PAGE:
* Petroleum Economist says U.S. convinced IEA to support
* Active talks in "recent weeks" to gather support
* Source says IEA concerned US, UK, France may move alone
* IEA chief says ready to act, but still believes
* Brent falls more than 1 pct as traders brace for action
By Michel Rose and Jonathan Leff
PARIS/NEW YORK, Aug 24 World oil consumers are
poised to tap into emergency oil inventories as soon as early
September after the International Energy Agency (IEA) dropped
its resistance to a U.S.-led plan, a source and an oil journal
said on Friday.
Just one week after its chief said there was no discussion
of possible emergency action, the IEA is now thought to have
agreed to the idea, the industry journal Petroleum Economist
reported on Friday, citing unnamed sources. The release could be
as large or larger than last year's 60 million barrel injection.
Responding to the report, IEA Executive Director Maria van
der Hoeven said the agency remained in close communication with
members and stood "prepared to act as necessary in response to a
physical disruption", avoiding the question of whether active
consideration of a reserve release was underway.
"However, as I said as recently as last week, at this time
the conditions that would warrant such a response by the IEA are
not present," she said in a statement.
But market fundamentals may not be the principal
consideration. While the disruption to Iran's exports may be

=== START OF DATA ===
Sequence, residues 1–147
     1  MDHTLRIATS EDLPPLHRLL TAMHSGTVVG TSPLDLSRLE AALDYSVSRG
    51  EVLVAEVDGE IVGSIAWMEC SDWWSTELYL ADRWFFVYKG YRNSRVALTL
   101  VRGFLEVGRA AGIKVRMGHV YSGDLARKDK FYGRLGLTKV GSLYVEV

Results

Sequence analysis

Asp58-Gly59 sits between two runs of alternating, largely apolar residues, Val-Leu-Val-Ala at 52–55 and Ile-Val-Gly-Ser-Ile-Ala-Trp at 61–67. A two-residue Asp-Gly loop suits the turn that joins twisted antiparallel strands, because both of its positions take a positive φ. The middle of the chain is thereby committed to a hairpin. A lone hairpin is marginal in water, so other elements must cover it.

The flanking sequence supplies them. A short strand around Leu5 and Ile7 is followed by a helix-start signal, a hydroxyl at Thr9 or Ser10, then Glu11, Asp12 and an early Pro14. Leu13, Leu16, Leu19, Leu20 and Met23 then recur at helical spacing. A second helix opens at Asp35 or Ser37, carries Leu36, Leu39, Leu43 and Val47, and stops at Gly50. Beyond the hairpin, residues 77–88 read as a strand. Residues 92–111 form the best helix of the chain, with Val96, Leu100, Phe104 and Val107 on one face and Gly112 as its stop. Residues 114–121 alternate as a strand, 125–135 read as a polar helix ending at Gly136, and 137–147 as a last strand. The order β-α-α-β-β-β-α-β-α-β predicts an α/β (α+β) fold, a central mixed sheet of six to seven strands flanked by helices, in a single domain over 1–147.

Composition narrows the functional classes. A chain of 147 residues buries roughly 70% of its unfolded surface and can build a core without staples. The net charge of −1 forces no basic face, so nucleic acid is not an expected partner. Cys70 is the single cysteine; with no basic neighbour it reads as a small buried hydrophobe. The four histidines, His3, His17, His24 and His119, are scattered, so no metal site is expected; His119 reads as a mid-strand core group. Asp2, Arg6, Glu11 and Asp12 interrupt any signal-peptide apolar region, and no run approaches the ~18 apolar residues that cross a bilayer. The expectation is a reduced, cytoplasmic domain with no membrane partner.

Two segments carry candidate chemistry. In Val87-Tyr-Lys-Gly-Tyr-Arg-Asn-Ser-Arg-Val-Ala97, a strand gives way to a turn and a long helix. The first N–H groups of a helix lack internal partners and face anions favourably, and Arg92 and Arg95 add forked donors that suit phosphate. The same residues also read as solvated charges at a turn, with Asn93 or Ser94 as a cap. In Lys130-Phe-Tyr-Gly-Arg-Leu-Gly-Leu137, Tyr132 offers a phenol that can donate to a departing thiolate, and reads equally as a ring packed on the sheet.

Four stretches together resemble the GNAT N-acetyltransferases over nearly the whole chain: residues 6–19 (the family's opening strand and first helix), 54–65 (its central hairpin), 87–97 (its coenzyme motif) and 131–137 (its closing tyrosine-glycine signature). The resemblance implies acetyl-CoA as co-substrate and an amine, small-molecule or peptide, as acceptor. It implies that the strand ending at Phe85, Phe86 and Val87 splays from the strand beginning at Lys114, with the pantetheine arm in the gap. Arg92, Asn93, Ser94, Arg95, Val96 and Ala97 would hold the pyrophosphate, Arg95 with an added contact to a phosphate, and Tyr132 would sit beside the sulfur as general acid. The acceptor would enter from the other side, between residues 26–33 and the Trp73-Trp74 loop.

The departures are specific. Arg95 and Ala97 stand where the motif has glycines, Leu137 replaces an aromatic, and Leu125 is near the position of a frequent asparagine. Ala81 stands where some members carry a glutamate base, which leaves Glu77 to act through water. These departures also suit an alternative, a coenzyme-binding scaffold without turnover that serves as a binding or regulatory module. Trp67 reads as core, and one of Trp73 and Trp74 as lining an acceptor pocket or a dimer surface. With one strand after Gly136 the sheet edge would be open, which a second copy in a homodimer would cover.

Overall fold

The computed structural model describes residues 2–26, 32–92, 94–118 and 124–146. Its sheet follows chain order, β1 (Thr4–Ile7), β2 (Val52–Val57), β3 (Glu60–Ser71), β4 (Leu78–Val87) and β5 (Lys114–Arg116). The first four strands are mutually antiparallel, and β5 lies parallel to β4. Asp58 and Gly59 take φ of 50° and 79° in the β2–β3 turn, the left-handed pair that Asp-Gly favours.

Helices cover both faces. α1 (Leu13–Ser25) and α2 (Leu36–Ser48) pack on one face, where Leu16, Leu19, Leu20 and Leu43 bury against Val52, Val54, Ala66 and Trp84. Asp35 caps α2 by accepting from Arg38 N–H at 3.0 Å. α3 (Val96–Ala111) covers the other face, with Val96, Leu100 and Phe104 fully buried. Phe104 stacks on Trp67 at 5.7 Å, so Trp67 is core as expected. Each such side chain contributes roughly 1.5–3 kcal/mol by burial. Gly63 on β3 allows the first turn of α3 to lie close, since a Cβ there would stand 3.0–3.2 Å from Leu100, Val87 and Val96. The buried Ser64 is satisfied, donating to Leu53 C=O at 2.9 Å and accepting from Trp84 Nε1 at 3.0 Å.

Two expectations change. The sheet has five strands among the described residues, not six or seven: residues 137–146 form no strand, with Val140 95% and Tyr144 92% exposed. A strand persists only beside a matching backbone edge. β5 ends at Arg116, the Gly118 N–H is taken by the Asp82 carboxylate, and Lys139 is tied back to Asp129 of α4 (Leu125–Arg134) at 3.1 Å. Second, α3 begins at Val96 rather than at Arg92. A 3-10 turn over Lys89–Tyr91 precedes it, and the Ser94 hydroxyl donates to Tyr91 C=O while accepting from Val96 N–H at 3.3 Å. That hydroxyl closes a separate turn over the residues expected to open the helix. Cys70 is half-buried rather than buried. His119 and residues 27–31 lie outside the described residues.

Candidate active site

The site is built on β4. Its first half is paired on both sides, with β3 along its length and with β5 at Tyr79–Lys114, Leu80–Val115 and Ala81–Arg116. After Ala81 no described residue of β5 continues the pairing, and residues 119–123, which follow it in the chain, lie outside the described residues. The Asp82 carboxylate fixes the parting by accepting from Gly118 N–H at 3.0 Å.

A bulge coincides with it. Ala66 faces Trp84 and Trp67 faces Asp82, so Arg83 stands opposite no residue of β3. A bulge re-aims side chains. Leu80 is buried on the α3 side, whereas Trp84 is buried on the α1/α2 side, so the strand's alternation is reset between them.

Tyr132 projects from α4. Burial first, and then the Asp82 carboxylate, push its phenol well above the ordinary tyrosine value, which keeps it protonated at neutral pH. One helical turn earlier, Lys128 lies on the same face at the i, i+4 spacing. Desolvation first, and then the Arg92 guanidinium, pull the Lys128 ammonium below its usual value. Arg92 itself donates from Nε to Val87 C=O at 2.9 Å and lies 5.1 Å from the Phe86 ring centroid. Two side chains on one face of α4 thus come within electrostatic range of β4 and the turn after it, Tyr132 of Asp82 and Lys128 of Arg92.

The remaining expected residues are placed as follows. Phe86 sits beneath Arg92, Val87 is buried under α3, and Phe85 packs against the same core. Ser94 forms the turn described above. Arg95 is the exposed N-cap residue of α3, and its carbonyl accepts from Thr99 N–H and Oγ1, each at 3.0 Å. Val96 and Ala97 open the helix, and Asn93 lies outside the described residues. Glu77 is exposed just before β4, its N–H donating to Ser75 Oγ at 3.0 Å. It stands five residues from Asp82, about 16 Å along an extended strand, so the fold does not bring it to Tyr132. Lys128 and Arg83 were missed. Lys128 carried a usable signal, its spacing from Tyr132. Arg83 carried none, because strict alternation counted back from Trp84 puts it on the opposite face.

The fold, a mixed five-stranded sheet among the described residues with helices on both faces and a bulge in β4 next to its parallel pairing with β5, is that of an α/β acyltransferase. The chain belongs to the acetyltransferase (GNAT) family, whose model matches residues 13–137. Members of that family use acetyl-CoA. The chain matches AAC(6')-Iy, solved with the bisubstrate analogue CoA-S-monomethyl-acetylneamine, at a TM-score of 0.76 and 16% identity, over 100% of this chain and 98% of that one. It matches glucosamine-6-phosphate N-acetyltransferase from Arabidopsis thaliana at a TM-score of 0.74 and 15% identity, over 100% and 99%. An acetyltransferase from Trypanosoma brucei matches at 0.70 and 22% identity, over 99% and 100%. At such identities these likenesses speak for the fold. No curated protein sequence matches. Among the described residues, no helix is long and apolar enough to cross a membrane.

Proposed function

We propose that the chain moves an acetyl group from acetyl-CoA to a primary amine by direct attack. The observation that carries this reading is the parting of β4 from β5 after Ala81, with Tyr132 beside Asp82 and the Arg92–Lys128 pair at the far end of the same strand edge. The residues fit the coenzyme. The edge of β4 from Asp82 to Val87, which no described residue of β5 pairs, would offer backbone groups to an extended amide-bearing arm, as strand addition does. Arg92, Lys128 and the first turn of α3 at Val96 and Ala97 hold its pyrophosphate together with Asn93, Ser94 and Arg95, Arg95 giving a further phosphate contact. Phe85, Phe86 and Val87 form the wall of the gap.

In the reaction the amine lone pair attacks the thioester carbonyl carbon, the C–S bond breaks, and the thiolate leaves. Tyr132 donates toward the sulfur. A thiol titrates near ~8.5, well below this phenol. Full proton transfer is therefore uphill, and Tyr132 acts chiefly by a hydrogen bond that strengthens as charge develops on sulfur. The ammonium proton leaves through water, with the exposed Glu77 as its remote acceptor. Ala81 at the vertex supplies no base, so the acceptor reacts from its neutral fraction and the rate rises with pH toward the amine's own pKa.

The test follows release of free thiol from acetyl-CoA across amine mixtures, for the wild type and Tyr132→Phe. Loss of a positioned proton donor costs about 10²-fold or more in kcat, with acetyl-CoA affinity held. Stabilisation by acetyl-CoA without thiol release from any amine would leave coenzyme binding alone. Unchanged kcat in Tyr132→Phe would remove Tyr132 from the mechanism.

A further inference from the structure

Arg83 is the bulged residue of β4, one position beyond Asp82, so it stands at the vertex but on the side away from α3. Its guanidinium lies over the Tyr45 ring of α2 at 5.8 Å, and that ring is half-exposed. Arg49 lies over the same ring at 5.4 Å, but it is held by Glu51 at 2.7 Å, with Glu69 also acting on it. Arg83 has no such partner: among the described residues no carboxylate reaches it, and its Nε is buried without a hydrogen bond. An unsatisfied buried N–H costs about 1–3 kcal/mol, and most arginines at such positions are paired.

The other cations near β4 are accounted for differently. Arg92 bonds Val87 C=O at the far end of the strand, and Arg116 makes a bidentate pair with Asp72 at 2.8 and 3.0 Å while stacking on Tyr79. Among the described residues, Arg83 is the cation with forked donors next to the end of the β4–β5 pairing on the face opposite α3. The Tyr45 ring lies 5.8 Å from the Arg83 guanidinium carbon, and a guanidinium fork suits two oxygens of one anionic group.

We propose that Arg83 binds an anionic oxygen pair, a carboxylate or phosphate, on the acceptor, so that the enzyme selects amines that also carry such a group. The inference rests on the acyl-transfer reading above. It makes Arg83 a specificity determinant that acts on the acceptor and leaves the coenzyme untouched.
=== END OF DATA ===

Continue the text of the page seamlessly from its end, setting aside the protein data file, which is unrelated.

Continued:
used as the excuse for action, U.S. officials are also keen to
temper rising prices that risk diminishing the impact of
financial sanctions on Tehran, Reuters reported last week,
While the IEA may not agree that the degree of supply
disruption has met the traditional measure of what would merit
emergency intervention, it is concerned that the United States,
France and Britain might act together to draw on stockpiles
without coordinating with the rest of the group, undermining its
credibility, according to Friday's media report, which was
echoed by the source.
"The U.S. is the main driver, the IEA sees no need for a
release. However, if major consumers such as the U.S., UK and
France want a release, the IEA is likely to step up and play a
role," said the source, who spoke on condition of anonymity.
"A release could be as early as September," the source said
News that consumer nations could be moving quickly toward
intervening in oil markets again weighed on prices, with
benchmark Brent crude falling $1.42 a barrel or 1.2
percent to close at $113.59 a barrel. The impact was muted by
oil platform closures as a storm heads toward the U.S. Gulf.
The Petroleum Economist said that the sharp decline in
Iran's oil exports this year would be used as a justification,
it reported in an article by editor Derek Brower, who also
writes for the Economist magazine.
"Whether it's self-inflicted or not, that's still a supply
disruption," the article quoted an unnamed official at a
government backing the release as saying. The Petroleum
Economist has been a well-regarded energy industry publication
for decades, but it is better known for its sophisticated
analysis and detailed maps than for breaking news.